Still other stressors come from wildland firefighter peers. Stamina and heroism are esteemed and expected when fighting fires in the wilderness. Stronger members of the team give weaker members flack when they need to take time off for family or personal time, even when supervisors approve it. Peers often place guilt trips on firefighters that need to return home temporarily or permanently.
Because they are placing their lives in the hands of their peers, many firefighting crews view their team as family. It’s common for crew members to prioritize the needs of the crew over the needs of the firefighter’s true family members.
Pursuing Health Coping Strategies Over Unhealthy Coping Activities
Trauma catches many firefighters off-guard. As a result, they find unhealthy ways for coping with feeling stressed and hypervigilant. It’s common for wildland firefighters to isolate themselves from family and friends. Many of them self-medicate with drugs or alcohol. The ideals of heroism and peer culture make many firefighters reluctant to seek helpful therapy and support groups.
A 2014 study of current wildland firefighter dispatchers showed the kinds of things that helped them cope with the unique kinds of stress in their field. The study included 11 wildland firefighter dispatchers, all who had extensive experience. Researches conducted personal interviews of the candidates, which consisted of six females and five males. Subjects had an average of 14.2 years’ experience in the field. The results identified the following four things that the dispatchers found helpful:
- Time off
- Providing funding and access to therapeutic services to firefighters
- Receiving support from others
Researchers agree that additional studies in the area of workplace stressors for wildland firefighters and dispatchers will be helpful to identify appropriate coping strategies in this field.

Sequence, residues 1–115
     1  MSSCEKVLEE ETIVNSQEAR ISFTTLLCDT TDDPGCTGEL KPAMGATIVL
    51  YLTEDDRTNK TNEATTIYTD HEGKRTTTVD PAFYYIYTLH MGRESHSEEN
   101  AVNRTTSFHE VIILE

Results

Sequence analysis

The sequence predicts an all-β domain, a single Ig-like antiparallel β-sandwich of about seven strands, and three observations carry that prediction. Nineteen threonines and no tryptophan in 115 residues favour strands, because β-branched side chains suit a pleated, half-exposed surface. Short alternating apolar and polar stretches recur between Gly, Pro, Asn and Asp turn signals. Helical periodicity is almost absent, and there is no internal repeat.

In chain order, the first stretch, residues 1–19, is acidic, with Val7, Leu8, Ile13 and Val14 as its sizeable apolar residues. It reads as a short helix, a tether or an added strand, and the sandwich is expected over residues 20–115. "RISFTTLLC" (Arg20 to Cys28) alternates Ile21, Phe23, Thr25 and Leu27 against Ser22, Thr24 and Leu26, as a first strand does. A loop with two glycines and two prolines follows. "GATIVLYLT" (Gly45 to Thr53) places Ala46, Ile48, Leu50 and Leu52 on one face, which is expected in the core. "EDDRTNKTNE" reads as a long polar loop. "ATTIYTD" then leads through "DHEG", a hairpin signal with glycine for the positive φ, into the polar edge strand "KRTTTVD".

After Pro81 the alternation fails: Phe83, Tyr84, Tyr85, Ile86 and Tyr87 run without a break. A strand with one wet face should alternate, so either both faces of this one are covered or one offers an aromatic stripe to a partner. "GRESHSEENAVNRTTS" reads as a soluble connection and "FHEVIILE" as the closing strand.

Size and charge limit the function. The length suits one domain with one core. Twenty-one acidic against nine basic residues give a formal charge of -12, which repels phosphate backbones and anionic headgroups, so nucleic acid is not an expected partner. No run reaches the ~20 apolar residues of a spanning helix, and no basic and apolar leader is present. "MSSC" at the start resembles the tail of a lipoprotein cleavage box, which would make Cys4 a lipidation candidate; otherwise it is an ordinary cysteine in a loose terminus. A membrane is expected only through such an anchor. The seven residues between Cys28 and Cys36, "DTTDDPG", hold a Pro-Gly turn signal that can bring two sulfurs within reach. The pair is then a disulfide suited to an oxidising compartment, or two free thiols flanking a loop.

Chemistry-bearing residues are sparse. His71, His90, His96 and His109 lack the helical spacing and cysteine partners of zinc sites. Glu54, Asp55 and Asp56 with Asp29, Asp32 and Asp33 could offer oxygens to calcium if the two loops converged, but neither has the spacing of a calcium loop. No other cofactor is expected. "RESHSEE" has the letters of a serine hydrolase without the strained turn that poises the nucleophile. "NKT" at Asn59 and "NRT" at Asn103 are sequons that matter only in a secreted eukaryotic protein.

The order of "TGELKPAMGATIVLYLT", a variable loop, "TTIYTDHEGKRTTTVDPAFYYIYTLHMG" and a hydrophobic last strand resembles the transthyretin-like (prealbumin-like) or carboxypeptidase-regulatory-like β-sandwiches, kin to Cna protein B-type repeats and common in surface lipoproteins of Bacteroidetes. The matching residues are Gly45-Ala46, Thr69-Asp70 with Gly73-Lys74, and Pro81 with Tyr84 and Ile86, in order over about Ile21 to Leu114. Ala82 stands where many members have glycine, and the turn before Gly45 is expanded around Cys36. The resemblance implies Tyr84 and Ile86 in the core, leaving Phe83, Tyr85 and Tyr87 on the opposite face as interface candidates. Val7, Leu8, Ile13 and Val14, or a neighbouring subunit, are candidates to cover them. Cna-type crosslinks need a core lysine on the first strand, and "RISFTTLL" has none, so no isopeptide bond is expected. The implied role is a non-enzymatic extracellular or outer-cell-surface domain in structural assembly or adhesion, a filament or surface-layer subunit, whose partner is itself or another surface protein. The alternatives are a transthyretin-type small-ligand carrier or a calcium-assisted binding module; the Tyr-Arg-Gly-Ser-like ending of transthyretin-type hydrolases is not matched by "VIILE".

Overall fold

Frontline Responder Services, a program of Sprout Health, offers counselors with first-person experience dealing with job-related stress in the field of emergency services. All counselors are either active or retired first responders, who understand how debilitating stress can be. There’s no need for wildland firefighters to suffer in silence.
Firefighters and their families know that job-related stress and PTSD among their colleagues look a bit differently than military stress. The effects of PTSD vary in severity and the types of symptoms. Many factors, especially a firefighter’s level of resilience, play into the prevalence of the number of firefighters who become affected. Senses and situations can trigger PTSD symptoms unexpectedly and without warning.
Firefighters that work in the field long-term need to pay special attention to their physical, emotional, and mental health, just as if they were running a marathon rather than a sprint. The careers of firefighters take just as much of a toll on their bodies as a well-trained athlete.
Mark W Lamplugh Jr
Mark Lamplugh is a fourth-generation firefighter and former captain with the Lower Chichester (PA) Fire Company. He was the Chief Executive Officer of 360 Wellness Inc and currently the Vice President of Responder Services of Frontline Responder Services at Advanced Health & Education and Cedar Point Recovery. Lamplugh is also nationally recognized in Crisis Stress Intervention through the American Academy of Experts in Traumatic Stress. Lamplugh hosts his own talk show called "Firefighter Wellness Radio" with Fire Engineering. He has helped thousands of firefighters, police officers, veterans, EMS personnel, and civilians nationwide find help for addiction, alcoholism, PTSD, and mental health support. Mark has been chosen as one of the Board of Directors at One World For Life (To head up Communication and the Health & Safety section). He can be reached for comment firstname.lastname@example.org.